Goodspeed (search for this): article 1
m taking part in the battle of Perrysville. His hour came at last. It found him ready; but those upon whom he had a right to rely to give him timely notice of the enemy's arrival, failed to do so, and ere his guns could be loaded and discharged three times, the rebel bayonets had swept away his men, and he himself fell wounded and bleeding into the hands of the foe. The gallant and earnest Captain Simonson fought like a hero as he is, and brought off all but two of his guns. Capt. Goodspeed strenuously endeavored, after firing several rounds, to save his cannon, but could only succeed in getting away with two of them. Gen. Kirk, of Illinois, commanding one of the brigades in Johnson's division, was severely wounded while endeavoring to rally his regiment. The enemy succeeded in getting the right flank completely hemmed in. A large number of officers of every grade were shot down while standing almost at the muzzles of the rebel muskets. The brigades and regiments ru
standing almost at the muzzles of the rebel muskets. The brigades and regiments rushed upon one another in disgraceful disorder, and the rout of the division became irretrievable. I suppose I shall raise a storm about my head for saying so, but I can't, from all that I have heard, come to any other conclusion than that the right wing of the army was completely surprised, and that, too, under circumstances which should have rendered it particularly careful and vigilant. Whether General McCook or General Johnson is to blame, this impartial investigation will hereafter determine. At present the sentiment of the entire army is extremely hostile to both, and I imagine it will not be many days before there are important changes in leadership of the fourteenth army corps. Brigade after brigade, battery after battery, from Palmer's, Negley's, and Roussean's divisions were sent into the midst of the thickets to cheek the progress of the foe and rally the fugitives, but all in t
completely surprised, and that, too, under circumstances which should have rendered it particularly careful and vigilant. Whether General McCook or General Johnson is to blame, this impartial investigation will hereafter determine. At present the sentiment of the entire army is extremely hostile to both, and I imagine it will not be many days before there are important changes in leadership of the fourteenth army corps. Brigade after brigade, battery after battery, from Palmer's, Negley's, and Roussean's divisions were sent into the midst of the thickets to cheek the progress of the foe and rally the fugitives, but all in turn were either crushed by the flying crowds, broken by the impetuosity of the foe, and put to confused flight, or compelled to retire and extricate themselves in the best manner that seemed to offer. The history of the combat in those dark cedar thickets will never be known. No man could see even the whole of his regiment, and no one will ever be a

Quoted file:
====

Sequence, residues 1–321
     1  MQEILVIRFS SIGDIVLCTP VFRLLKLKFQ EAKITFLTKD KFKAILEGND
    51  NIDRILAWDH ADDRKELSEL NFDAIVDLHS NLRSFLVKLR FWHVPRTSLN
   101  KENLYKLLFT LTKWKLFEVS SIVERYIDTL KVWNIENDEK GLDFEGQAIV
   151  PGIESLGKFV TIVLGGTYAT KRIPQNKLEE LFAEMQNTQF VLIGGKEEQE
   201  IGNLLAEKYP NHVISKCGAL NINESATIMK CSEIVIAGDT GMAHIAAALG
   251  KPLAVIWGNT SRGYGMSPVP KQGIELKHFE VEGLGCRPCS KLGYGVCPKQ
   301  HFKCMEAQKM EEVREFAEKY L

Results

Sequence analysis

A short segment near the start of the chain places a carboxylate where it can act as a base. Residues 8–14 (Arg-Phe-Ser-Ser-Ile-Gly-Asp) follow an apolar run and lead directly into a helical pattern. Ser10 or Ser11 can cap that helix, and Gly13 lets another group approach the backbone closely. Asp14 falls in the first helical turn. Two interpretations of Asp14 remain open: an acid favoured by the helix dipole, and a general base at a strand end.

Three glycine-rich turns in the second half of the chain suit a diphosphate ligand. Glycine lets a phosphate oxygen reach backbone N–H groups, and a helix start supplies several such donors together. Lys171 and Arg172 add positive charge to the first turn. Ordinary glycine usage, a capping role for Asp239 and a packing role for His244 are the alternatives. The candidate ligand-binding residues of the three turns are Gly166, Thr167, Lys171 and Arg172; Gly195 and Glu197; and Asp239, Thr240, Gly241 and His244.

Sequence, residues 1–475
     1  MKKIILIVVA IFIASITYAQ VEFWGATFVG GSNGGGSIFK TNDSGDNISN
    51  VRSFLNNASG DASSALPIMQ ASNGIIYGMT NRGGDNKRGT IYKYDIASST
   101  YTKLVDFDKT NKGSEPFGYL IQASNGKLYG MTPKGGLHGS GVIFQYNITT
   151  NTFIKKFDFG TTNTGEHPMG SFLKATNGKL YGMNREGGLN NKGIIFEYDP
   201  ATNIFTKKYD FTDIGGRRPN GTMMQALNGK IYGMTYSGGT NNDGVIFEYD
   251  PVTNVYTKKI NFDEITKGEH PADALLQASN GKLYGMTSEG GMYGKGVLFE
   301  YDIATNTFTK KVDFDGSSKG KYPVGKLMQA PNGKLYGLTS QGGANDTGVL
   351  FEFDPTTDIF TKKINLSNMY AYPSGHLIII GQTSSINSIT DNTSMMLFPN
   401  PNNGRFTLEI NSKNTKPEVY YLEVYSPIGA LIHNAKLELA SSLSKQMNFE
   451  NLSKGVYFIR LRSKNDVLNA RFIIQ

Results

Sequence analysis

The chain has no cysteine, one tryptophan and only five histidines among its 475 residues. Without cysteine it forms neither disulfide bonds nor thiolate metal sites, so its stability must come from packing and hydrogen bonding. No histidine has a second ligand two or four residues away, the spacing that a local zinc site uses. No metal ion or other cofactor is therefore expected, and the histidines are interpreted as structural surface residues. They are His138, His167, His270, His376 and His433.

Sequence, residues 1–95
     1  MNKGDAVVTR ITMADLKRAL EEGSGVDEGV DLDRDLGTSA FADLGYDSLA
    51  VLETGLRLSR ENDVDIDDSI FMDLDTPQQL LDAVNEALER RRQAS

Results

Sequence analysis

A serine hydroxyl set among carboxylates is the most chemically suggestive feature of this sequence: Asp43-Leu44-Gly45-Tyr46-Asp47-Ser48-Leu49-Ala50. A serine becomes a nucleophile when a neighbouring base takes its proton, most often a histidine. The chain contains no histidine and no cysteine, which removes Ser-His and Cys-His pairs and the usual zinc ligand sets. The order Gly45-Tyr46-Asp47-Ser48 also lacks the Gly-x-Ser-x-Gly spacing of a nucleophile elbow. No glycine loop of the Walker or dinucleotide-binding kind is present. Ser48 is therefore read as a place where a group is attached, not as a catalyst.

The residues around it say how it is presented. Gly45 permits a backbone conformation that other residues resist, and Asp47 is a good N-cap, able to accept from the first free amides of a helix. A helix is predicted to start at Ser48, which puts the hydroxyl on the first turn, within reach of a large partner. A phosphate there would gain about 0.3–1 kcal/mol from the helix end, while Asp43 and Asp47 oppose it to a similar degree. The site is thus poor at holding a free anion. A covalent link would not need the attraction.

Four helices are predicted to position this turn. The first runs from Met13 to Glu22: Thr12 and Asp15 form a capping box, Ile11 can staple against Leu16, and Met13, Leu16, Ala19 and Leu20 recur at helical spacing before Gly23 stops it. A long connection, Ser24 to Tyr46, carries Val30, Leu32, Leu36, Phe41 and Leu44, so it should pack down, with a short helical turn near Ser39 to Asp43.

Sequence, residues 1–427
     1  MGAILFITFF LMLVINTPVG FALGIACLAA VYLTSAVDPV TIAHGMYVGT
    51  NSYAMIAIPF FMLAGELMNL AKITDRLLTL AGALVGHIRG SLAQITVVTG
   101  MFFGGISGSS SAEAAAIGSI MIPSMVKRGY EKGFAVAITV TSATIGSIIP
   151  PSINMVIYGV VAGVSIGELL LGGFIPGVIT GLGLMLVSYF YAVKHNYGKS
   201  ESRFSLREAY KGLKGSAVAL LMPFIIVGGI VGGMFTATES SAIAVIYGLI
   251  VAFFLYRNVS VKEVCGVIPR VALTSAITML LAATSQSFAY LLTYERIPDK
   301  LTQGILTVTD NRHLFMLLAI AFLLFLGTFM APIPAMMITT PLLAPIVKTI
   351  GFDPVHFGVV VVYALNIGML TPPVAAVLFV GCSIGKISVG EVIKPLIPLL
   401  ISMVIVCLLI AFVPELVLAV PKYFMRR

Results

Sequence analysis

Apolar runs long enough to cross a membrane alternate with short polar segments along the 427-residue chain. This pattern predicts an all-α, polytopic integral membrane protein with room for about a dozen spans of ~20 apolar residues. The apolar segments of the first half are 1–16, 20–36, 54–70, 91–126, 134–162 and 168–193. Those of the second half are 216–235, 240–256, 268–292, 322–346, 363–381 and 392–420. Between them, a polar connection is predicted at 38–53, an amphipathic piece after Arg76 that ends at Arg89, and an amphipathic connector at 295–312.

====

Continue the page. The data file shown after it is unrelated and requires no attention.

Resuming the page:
prised, and that, too, under circumstances which should have rendered it particularly careful and vigilant. Whether General McCook or General Johnson is to blame, this impartial investigation will hereafter determine. At present the sentiment of the entire army is extremely hostile to both, and I imagine it will not be many days before there are important changes in leadership of the fourteenth army corps. Brigade after brigade, battery after battery, from Palmer's, Negley's, and Roussean's divisions were sent into the midst of the thickets to cheek the progress of the foe and rally the fugitives, but all in turn were either crushed by the flying crowds, broken by the impetuosity of the foe, and put to confused flight, or compelled to retire and extricate themselves in the best manner that seemed to offer. The history of the combat in those dark cedar thickets will never be known. No man could see even the whole of his regiment, and no one will ever be able to tell who
e army was completely surprised, and that, too, under circumstances which should have rendered it particularly careful and vigilant. Whether General McCook or General Johnson is to blame, this impartial investigation will hereafter determine. At present the sentiment of the entire army is extremely hostile to both, and I imagine it will not be many days before there are important changes in leadership of the fourteenth army corps. Brigade after brigade, battery after battery, from Palmer's, Negley's, and Roussean's divisions were sent into the midst of the thickets to cheek the progress of the foe and rally the fugitives, but all in turn were either crushed by the flying crowds, broken by the impetuosity of the foe, and put to confused flight, or compelled to retire and extricate themselves in the best manner that seemed to offer. The history of the combat in those dark cedar thickets will never be known. No man could see even the whole of his regiment, and no one will